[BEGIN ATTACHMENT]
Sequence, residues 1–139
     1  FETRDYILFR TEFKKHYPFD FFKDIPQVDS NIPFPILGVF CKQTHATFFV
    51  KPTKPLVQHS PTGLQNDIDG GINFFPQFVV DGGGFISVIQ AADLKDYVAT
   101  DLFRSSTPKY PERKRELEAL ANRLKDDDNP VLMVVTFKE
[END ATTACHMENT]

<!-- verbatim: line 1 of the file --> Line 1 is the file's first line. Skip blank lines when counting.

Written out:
Sequence, residues 1–139